Gospel music was always a genre of music that I knew existed, but didn’t know much about. That is, I didn’t know much about gospel music until I started singing with the Weber State University Concert Choir. Now that I’ve experienced it, Gospel Fest, an annual concert dedicated to gospel music, has become a tradition for me.
Each year, both WSU choirs, Concert Choir and Chamber Choir, participate in the annual Gospel Fest. Choirs from local churches also perform as a part of Gospel Fest, providing a unique mix of different styles of gospel music. Gospel Fest is a fabulous opportunity for students to come and experience this exciting genre of music.
The other choirs that performed with the Weber State choirs included a private elementary school choir sweetly singing hymns, Polynesian groups dancing and singing traditional religious music, and African-American Baptist choirs boisterously exhorting their faith.
For me, gospel music has a way of grabbing me and making me feel something in a way that no other music can. The combination of religious but not sect-specific lyrics and upbeat and exciting music speaks to me in a way that words can’t describe. Whether it’s a sweet choir of kindergarteners telling me about Jesus or an African-American chorus exhorting me and the other audience members to repent and come to Christ, they both convey a similar message in a fun and exciting way.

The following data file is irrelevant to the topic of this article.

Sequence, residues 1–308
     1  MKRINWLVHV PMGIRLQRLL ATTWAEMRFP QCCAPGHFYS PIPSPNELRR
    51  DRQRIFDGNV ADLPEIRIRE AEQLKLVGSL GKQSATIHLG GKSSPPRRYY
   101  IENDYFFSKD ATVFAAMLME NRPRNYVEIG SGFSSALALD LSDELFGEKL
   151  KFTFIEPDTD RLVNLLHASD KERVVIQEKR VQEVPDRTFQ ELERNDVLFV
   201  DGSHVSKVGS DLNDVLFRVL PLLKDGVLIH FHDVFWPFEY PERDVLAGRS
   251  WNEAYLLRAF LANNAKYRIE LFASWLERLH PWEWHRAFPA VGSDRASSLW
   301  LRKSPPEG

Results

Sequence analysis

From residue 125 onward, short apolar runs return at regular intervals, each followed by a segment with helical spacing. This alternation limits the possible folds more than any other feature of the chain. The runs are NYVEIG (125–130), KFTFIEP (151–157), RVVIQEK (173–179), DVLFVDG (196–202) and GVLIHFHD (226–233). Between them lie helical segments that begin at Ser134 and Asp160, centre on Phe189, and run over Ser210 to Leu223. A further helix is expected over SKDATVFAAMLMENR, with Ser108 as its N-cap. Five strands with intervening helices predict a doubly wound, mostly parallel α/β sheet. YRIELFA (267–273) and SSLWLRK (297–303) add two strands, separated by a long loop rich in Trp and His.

The energy of the other performers was infectious. As a performer last year, watching the other groups and choirs get on stage and have such a good time made it easier for me to get up there and have a good time too. Once on stage, I could feel that the audience was going to clap and stamp their feet and get into our songs just as much as they had for everyone else, and as a Caucasian girl singing her first African-American gospel songs, that was very comforting.
For students thinking about coming to Gospel Fest this year who haven’t ever been before, know that Gospel Fest is definitely different from other choir concerts. Audience members are expected to get up and participate in the music. That means singing along, moving and dancing in the area around your seat, shouting out amens and all sorts of other stuff as directed by the performers on the stage. Even though you’ll be tempted to, don’t feel silly clapping your hands and swaying to the beat of the song; getting caught up in the moment is part of the charm and allure of Gospel Fest!
While every year is something to remember, this year, Gospel Fest will be extra special in commemoration of the 15th anniversary of this exciting annual concert. The concert begins at 7:30 p.m. and is free to the public.
While most concerts have at least a tentative end time that they stick to, Gospel Fest can, and usually does, go long. Even though that could be a drawback, for me, the spontaneous nature of Gospel Fest is one of the things I love.